By Kathleen Stoll
October 12, 2021
Two wise West Virginians told me the same thing about what matters most to them and a positive future for our state.
The first was a dedicated state worker who helped many families stay together and thrive over the past 20 years. I asked her: What is the key to your successful career as a family counselor? She explained that, in West Virginia, it is all about helping parents find decent jobs.
The other wise West Virginian was former Sen. Jay Rockefeller, D-W.Va., whom I had the privilege of working with during his 30 years in the U.S. Senate. I asked him what the key to his successful career was. He told me that, in West Virginia, it’s all about creating jobs.
That was before the COVID-19 pandemic. Over the past year and a half, creating decent jobs has become even more important to our state. In the single month from March to April 2020, West Virginia lost nearly 100,000 jobs. Yes, our economy is recovering. Since then, we have gained back 72,000 of the jobs we lost, but we still have 30,000 more to go. We’re not out of the woods yet.
There is no guarantee that our state’s economy will generate, on its own, the growth necessary to create that next 30,000 in jobs. We need robust federal investment. But job creation doesn’t result from giving money to the very rich and big corporations, hoping it will trickle down to the rest of us.
Rather, investments that directly support our working families create jobs. Most West Virginia families don’t hide their hard-earned dollars in offshore tax shelters. When money comes their way, they use it buy groceries, pay rent and purchase other necessities from West Virginia businesses.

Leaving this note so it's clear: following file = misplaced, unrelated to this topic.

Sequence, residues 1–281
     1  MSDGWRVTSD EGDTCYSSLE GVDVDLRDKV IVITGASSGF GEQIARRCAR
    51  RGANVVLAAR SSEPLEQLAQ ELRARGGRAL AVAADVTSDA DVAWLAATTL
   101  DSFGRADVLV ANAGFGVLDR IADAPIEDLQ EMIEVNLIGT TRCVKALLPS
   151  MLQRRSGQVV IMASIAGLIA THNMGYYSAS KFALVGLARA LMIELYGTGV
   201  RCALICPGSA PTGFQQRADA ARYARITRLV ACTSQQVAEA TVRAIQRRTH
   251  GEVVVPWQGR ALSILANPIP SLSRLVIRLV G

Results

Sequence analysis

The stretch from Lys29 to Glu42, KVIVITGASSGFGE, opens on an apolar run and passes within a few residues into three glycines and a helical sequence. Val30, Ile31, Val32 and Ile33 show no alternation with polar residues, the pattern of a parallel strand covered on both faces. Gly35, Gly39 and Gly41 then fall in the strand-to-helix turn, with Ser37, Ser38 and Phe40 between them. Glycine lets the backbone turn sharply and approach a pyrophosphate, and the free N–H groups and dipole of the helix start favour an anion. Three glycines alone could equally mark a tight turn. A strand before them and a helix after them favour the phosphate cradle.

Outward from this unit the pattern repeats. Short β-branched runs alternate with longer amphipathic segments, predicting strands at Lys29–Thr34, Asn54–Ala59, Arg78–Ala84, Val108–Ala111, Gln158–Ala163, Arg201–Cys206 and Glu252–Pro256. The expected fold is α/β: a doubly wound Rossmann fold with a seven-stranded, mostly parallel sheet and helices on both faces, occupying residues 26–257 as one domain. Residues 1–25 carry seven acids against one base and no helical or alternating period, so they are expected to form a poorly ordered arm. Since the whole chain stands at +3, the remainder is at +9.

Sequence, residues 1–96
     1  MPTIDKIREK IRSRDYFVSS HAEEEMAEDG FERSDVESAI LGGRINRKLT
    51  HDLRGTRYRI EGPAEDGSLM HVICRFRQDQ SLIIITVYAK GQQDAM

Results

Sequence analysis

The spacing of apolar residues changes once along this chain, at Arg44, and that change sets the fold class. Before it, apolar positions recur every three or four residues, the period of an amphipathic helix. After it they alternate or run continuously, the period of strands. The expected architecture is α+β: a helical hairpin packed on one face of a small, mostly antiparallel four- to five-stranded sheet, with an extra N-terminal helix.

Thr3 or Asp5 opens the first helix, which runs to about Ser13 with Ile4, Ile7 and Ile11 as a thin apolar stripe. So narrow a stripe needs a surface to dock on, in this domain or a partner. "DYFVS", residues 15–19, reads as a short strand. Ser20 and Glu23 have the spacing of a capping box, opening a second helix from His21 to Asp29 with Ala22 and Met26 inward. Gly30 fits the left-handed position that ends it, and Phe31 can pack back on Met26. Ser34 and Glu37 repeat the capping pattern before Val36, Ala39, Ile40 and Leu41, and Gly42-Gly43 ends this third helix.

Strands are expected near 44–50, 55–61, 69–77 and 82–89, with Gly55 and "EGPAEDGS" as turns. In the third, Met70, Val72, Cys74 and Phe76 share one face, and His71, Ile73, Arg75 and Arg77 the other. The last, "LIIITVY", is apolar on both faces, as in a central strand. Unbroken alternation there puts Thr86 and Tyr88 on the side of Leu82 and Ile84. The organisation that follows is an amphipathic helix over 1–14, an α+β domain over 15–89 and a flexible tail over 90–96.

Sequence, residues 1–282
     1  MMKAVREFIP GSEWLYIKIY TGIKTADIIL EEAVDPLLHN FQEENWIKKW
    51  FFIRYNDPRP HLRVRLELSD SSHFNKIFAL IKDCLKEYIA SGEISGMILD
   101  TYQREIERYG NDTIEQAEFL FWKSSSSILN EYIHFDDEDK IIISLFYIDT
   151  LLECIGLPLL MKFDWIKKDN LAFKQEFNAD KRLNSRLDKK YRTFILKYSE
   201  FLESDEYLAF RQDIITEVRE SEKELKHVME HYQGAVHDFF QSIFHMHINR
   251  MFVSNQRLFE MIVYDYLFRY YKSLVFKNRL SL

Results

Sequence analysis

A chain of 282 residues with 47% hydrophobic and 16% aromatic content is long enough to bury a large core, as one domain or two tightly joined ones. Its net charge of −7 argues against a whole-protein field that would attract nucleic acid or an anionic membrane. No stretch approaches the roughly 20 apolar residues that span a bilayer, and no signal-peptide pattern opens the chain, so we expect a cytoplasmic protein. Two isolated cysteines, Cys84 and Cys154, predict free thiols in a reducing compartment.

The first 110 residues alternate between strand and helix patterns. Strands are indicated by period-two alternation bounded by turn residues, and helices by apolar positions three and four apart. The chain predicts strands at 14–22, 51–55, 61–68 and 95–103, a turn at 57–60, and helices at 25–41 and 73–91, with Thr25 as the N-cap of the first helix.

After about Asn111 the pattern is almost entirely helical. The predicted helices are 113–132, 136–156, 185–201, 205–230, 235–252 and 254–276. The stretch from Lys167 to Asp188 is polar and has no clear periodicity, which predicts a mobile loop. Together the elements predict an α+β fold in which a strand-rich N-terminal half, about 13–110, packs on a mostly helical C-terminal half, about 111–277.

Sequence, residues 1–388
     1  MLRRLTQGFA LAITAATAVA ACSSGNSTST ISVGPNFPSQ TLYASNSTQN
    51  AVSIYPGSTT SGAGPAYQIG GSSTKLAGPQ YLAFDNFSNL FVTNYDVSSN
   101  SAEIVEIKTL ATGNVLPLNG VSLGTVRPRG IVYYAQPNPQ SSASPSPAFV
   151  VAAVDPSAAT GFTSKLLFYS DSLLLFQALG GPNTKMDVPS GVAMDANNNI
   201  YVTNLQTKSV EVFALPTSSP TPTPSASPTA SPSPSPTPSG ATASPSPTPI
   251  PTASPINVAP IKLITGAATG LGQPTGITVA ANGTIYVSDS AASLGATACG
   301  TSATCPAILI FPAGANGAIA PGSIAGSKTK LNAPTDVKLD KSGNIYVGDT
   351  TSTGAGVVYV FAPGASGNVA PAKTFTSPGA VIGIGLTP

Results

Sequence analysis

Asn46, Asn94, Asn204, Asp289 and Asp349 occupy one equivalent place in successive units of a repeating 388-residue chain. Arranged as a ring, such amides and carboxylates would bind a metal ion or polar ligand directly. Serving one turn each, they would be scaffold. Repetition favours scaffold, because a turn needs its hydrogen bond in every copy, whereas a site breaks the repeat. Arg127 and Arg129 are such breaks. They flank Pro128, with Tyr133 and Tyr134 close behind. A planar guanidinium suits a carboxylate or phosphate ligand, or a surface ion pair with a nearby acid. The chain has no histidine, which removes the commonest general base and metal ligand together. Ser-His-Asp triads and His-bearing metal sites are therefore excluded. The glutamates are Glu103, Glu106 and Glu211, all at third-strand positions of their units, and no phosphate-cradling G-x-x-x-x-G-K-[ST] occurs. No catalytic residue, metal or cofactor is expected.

If federal legislation cuts the cost of health care, child care, housing and elder care, families put the resulting savings right back into their West Virginia communities. And that money, in turn, generates economic growth and jobs.
We need to keep these principles front and center as Build Back Better legislation moves forward in Congress.
The Economic Policy Institute, a nonpartisan research organization, just released an analysis of Build Back Better’s potential economic impact, finding that the full program will create an estimated 17,290 new jobs in our state.
West Virginia is one of the three states that will gain the most from the act: It will create one additional job for every 46 current West Virginia jobs, a higher proportion than in 47 other states.
During the past 30 years, West Virginia lost 15,000 jobs in the mining and logging industries. The 17,290 jobs we’d get from the passage of the full Build Back Better would more than make up for that job devastation to many of our communities.
Yet, our own Sen. Joe Manchin, D-W.Va., has demanded that the proposal shrink more than bacon on a hot griddle. He proposes cutting the Build Back Better Act by nearly 60%. According to researchers, that would deprive West Virginians of nearly 10,000 jobs.
To create jobs, Build Back Better invests in our families. It cuts the cost of child care and long-term care; lowers health insurance charges; and protects working parents’ job security when they need a paid day off to care for a sick child. And Build Back Better helps with the cost of child-rearing by giving every working family a tax cut.
I don’t know which of these programs Manchin believes hard-working West Virginia families just don’t need. How many new jobs does he think West Virginia doesn’t want?
Manchin has enormous procedural leverage; he can derail Build Back Better single-handedly. But exercising power requires temperance and wisdom. President Joe Biden, in the spirit of compromise, has offered to meet Manchin halfway.
Now is not the time for drawing hard lines in the sand. Manchin must know jobs and the well-being of hard-working West Virginians are at stake.
West Virginians need Manchin to “bring home the bacon” — we need jobs that let us make ends meet. We need Manchin to cook that up for us.
Kathleen Stoll is the policy director for West Virginians for Affordable Health Care (wvahc.org) and operates a policy and economic consulting business, Kat Consulting.